• For life. After you have learned the skills of heart-healthy living, you should continue to use them for life. You need your doctor's approval to get started in cardiac rehab. Tell your doctor or nurse that you're interested in cardiac rehab and ask which rehab services or plans are best for you.

How Does Cardiac Rehab Work?

Cardiac rehab has two major parts:

  • 1. Exercise training to help you learn how to exercise safely, strengthen your muscles, and improve your stamina. Your exercise plan will be based on your individual ability, needs, and interests.
  • 2. Education, counseling, and training to help you understand your heart condition and find ways to reduce your risk of future heart problems. The cardiac rehab team will help you learn how to cope with the stress of adjusting to a new lifestyle and to deal with your fears about the future.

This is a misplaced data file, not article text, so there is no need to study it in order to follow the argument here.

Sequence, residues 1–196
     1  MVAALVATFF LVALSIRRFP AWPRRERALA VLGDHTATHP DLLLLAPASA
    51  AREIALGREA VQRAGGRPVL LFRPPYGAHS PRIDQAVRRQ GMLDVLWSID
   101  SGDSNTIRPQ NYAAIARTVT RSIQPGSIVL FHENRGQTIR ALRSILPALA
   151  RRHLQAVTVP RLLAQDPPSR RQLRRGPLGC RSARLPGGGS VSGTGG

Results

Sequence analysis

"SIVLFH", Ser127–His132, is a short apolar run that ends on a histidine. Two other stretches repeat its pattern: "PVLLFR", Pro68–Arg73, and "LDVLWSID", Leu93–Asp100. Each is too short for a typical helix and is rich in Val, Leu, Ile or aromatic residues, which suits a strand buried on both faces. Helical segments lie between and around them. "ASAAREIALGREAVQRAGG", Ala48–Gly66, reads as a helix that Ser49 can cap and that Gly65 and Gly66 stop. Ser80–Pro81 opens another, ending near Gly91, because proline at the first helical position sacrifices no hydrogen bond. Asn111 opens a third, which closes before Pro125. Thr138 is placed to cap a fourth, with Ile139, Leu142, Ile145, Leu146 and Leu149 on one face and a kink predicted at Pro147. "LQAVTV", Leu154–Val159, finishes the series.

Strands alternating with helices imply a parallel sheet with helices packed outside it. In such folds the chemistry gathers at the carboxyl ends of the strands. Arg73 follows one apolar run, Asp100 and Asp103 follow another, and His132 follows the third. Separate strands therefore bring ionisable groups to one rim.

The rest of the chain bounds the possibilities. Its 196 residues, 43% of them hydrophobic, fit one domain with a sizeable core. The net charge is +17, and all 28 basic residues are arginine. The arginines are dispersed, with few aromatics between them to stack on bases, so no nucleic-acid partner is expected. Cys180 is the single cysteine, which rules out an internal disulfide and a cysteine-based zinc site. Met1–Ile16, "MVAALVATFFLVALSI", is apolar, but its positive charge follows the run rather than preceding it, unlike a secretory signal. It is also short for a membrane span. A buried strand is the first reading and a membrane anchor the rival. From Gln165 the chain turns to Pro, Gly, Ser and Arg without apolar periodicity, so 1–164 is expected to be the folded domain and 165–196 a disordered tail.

Cardiac rehab often takes place in groups. However, each patient's plan is based on his or her specific risk factors and special needs.

Cardiac rehab helps you recognize and change unhealthy habits you may have and establish new, more healthy ones. Your rehab may last 6 weeks, 6 months, or even longer. It is important that you complete the recommended rehab plan.

No matter how difficult it seems, your hard work in cardiac rehab will have lifetime benefits.

Is It Safe for Me?

Cardiac rehab is safe. Studies show that serious health problems caused by cardiac rehab exercise are rare. The cardiac rehab team is trained to handle emergencies. Your health care provider can help you choose a plan that is safe for you. Many patients can safely exercise without supervision once they learn their own exercise plan.